Be bold, food packagers urged

Innovative packaging can help boost food sales, but is being heavily under-utilised, according to one of the UK's top branding gurus.

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By  David Ingham Published  March 7, 2005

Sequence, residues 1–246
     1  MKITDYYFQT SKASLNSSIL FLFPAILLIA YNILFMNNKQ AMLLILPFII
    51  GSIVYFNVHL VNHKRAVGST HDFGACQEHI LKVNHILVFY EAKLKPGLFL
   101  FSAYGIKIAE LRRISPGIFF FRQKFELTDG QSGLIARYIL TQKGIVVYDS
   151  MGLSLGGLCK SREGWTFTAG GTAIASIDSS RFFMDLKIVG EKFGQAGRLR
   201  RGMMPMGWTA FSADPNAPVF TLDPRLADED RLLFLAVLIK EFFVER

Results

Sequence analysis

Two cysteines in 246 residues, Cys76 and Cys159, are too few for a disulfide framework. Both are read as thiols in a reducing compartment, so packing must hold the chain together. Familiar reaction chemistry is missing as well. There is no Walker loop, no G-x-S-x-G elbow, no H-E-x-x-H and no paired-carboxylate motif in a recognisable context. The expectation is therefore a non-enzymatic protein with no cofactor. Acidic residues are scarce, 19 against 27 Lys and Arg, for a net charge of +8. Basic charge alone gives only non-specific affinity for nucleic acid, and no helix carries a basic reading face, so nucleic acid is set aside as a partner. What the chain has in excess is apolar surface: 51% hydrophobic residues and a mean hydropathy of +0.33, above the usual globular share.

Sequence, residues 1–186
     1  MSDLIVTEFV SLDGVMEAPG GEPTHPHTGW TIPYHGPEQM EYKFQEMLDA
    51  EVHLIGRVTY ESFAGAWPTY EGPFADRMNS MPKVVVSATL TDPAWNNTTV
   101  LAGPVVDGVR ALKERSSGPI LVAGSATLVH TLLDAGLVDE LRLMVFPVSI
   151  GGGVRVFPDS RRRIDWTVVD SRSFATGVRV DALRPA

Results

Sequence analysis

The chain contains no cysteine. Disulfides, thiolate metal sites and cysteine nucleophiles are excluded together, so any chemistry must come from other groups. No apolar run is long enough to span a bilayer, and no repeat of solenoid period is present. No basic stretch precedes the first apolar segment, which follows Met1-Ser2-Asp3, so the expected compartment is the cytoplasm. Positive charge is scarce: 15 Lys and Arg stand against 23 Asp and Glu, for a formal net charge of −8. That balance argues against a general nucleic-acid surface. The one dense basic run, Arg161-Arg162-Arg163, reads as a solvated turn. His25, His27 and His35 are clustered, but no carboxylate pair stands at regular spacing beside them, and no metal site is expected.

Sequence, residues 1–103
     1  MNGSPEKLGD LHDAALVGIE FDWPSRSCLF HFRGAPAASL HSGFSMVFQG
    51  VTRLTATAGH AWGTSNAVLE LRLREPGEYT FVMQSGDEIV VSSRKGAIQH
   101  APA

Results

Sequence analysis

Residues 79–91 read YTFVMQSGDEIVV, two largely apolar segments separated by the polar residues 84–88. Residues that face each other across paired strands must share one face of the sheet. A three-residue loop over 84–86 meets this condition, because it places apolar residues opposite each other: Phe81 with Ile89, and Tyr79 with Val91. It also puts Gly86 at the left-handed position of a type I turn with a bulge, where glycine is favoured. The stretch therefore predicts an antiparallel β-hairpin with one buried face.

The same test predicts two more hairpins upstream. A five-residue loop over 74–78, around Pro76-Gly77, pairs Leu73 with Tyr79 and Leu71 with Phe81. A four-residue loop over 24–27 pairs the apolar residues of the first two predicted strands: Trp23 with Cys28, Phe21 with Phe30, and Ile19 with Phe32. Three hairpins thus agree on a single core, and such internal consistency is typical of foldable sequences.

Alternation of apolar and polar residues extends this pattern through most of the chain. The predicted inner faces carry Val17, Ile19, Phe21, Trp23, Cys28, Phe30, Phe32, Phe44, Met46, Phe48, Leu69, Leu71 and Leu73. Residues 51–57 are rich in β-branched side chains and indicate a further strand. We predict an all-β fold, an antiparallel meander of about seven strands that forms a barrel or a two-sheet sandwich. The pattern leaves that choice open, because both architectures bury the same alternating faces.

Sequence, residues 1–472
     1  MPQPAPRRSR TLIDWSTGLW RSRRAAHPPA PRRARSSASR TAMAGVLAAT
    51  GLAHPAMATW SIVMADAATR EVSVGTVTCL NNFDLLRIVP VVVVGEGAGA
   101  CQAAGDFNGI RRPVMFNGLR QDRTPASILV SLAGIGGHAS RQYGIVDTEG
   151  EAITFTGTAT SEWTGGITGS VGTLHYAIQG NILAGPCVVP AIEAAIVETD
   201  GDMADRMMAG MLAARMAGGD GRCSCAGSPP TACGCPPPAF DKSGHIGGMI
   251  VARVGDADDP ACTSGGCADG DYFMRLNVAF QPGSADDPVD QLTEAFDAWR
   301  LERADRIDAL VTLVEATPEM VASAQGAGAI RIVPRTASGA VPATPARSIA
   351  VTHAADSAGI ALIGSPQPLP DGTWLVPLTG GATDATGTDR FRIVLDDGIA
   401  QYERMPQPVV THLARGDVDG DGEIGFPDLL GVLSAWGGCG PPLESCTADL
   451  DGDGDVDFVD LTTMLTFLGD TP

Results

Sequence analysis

Food and drink manufacturers have been urged to be bold and take more risks with their packaging. The call was issued at last month’s Middle East Food Marketing Forum by Richard Williams, the maverick whose advertising agency, Williams Murray Hamm, has helped breathe life back into several ailing UK food brands. In a revealing presentation, Williams pointed out how little innovation there generally is in food packaging and how products in the same category all tend to end up looking almost identical to each other. Fear of failure, he said, seems to be holding back innovation in packaging. “Design is incredibly powerful,” says Williams. “I think it’s heavily under-utilised.” He then set out why packaging represents such a fanatastic opportunity for food companies. “Markets are saturated, advertising is struggling to make any impact and all brands look the same,” argues Williams. “This is an opportunity to do something different.” To illustrate his point, he showed his audience how products in the cough medicine segment all seem to have blue and white packaging that uses exactly the same imagery. He then used various real examples, including a well known margarine brand, of how product relaunches result in almost zero changes to the packaging of a product. Part of the problem, Williams believes, is that too many decisions are based on consumer research, which he describes as “flawed”, rather than judgement and instinct. “Our view on branding is that consumers have to be engaged, which means that we have to treat consumers like intelligent beings,” says Williams. “Designers are in the entertainment industry. We have to use humour and break out of the box.” Williams then outlined projects in which his company has been involved. One of the most famous is the relaunch of Hovis, a venerable UK bread brand that had lost its way. In order to re-engage customers, Williams Murray Hamm suggested that the company put images of bread toppings on the packaging. The result was a series of wrappers covered in images of baked beans, melted cheese and other types of food that consumers would typically eat with bread. At first, sales dipped, but then jumped as consumers became familiar with the new packaging. “There is a notion that creative design does not sell,” says Williams. “I think packaging is a fantastic sales tool.”

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